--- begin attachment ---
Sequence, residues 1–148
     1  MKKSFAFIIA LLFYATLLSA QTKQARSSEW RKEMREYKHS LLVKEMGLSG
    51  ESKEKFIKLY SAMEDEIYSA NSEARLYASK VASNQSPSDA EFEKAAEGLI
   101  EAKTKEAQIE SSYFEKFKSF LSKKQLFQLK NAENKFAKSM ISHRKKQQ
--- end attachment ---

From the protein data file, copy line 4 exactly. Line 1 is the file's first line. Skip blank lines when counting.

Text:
   101  EAKTKEAQIE SSYFEKFKSF LSKKQLFQLK NAENKFAKSM ISHRKKQQ